NF Umatilla Wilderness Getaway

February 18, 2007.
NF Umatilla Trail #3083 past upper viewpoint? est. 15 miles | 2000′ ele. gain | 6 hours

The North Fork Umatilla Wilderness is out there. Perfect for a nice venture into the woods away from the city and far from the nearest person. I had originally planned to check out another trail here but blowdown on the road changed my plans. After about 4 hours of driving, I hit the trail at 9am.

The weather forecast looked lousy. I expected to be walking through the rain all day. As I drove in this morning, I passed from beneath a perfect blue sky in the flatlands to a blanket of gray stratus clouds over the mountains. Clouds or no clouds, I was going hiking.

The first 4 miles or so follows the North Fork Umatilla River, climbing only gradually as it rolls smoothly along. There were human footprints for the first 100 yards or so, which promptly disappeared. The occasional patch of snow reminded me that it is winter, but much of the trail was clear. The only sounds in the air were the river rushing by and the squish of my boots on the muddy trail. This place would need lots of love come springtime. I got to do a bunch of climbing over and under and through trees. It was like nature’s jungle gym.

After an hour and forty-five minutes, I reached the switchback that would send me up to Coyote Ridge. Up to this point the forest had a tight grip on me, and I was anticipating an ascent out of the trees. I picked up the pace as the trail began to climb, and before long I reached an open, grassy meadow. The wind steadily increased and the views kept getting better and better. Then came the hail. Tiny balls of ice came tumbling down from the clouds, some nailing me in the eyes. Fortunately it didn’t last long, although the hail would reappear several times during the day.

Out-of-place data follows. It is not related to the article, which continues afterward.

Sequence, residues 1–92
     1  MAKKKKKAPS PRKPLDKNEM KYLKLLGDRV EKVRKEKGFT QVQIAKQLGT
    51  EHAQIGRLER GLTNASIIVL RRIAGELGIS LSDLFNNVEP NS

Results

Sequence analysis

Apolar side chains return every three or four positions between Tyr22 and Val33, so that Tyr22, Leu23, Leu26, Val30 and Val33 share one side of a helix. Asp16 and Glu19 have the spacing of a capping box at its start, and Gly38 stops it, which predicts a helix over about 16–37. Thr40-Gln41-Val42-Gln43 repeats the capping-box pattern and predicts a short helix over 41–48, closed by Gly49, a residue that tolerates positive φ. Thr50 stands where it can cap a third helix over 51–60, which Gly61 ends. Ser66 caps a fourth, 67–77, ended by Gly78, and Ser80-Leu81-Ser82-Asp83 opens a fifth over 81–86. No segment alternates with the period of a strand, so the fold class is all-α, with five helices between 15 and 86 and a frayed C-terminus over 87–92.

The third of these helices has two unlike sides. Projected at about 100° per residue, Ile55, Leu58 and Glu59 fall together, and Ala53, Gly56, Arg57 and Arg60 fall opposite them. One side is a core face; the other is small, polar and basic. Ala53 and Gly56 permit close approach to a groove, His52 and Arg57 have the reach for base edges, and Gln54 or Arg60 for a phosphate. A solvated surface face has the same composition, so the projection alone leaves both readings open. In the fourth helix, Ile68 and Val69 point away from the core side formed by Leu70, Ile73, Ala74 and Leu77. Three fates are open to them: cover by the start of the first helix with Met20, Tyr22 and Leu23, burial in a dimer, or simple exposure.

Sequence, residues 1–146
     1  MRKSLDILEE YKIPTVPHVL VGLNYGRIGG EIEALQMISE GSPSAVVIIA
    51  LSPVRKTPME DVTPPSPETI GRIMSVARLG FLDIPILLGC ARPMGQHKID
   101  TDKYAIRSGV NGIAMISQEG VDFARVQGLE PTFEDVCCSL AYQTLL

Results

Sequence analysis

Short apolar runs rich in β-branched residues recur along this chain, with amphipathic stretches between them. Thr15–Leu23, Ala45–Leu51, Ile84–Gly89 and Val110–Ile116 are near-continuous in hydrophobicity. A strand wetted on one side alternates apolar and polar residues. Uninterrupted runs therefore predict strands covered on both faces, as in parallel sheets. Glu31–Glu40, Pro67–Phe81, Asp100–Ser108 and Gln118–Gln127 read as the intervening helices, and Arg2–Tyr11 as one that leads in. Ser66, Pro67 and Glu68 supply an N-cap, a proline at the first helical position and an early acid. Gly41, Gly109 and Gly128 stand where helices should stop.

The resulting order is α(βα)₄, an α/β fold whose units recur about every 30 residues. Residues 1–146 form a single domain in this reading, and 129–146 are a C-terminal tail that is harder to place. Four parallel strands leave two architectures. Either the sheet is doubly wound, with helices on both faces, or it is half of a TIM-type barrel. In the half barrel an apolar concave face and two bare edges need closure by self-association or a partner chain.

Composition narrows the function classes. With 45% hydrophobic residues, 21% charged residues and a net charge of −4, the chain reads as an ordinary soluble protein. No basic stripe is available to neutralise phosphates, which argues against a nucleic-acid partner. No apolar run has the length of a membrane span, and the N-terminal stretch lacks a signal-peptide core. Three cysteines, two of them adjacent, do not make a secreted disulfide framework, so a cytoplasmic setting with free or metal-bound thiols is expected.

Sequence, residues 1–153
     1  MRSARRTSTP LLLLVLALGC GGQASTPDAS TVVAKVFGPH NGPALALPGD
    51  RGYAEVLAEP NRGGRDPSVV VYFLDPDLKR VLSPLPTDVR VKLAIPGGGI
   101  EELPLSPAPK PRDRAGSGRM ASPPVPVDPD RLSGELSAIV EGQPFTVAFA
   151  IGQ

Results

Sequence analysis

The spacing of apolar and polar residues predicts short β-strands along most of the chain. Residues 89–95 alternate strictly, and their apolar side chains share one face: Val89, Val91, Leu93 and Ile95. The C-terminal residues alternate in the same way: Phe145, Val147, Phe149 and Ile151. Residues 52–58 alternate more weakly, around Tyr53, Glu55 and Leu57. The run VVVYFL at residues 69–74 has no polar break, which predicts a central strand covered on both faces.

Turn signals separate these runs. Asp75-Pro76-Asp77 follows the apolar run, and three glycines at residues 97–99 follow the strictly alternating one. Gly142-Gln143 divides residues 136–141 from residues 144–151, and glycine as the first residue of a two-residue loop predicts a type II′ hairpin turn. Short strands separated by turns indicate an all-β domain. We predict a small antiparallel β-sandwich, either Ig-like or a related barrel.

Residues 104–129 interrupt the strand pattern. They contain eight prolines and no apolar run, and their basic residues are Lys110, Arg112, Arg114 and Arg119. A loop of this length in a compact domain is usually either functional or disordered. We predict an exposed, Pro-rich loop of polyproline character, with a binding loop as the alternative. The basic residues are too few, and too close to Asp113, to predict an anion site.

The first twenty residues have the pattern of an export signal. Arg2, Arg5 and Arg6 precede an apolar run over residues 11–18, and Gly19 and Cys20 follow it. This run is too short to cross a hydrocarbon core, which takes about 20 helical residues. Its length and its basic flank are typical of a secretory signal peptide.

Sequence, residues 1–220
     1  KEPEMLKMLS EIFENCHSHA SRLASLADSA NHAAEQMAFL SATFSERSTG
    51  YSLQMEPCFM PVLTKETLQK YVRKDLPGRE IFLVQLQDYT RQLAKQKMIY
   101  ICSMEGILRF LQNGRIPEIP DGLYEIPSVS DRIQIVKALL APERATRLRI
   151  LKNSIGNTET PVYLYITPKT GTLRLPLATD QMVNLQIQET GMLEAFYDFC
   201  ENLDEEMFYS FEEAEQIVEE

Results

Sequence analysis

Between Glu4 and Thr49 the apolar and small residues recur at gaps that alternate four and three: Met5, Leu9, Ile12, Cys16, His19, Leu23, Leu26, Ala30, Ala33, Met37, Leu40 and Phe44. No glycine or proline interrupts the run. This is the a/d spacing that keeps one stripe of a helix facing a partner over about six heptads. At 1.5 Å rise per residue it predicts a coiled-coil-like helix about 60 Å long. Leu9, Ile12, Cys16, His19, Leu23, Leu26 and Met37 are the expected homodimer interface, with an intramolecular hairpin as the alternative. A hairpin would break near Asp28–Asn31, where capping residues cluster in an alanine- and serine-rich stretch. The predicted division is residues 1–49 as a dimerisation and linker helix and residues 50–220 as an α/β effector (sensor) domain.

Looking across the river to Ninemile Ridge, I admired the treetops that looked as if they’d been dipped in powdered sugar. A few raptors and crows circled overhead. The trail intermittently dove into tree cover, then back out again. Finally it disappeared into the woods for good, and the shade of the trees combined with the elevation caused more and more snow buildup on the trail. It was wet, heavy and deep. As it was about noon, I decided I’d had enough and turned back down the trail.

Back at the canyon viewpoint, I sat and had lunch until the wind got too chilly. I enjoyed the spectacular views as long as I could, and began getting slammed with hail once again. Upon re-entering the woods, my feet slipped into a steady rhythm and my mind began drifting aimlessly between thinking nothing at all and wondering about every little thing. Solo hiking can be a zen experience.

I cleared as much blowdown as I could on the way back, since I had plenty of time and I figured that wrangling up a trail crew in these parts must be pretty tough, so I may as well help out a little. I surprised a great blue heron fishing in the river–the only good glimpse of wildlife I had all day. On the way back, I noticed the jittery, tinkling chatter of several chickadees as well as a few unfamiliar bird noises. It’s that time of year again. I’d better start studying West Coast birdsong. It’s curious how the avian soap opera is so appealing– the alarm bells, booty calls, territorial assertions, and devious mockery all in a bird’s day. I wonder if the human drama is equally as attractive to the bird brain. Do they listen with joy to couples arguing, children screaming, and rappers rapping?

When strange thoughts such as these compose the most complicated thinking of my day, it’s a good day.

At the end of the line, I found an empty 40-oz Budweiser bottle sitting just beside the trail. Not in any rush to meet its owner, I quickly made my way back to my car. Mine was the only one in the lot, so I suppose someone stopped by, walked 50 feet, drank booze, caught a fish, and left. It doesn’t seem right that someone who would choose to spend time in a lovely forest such as this would leave a mess behind. Oh well, what do I know?

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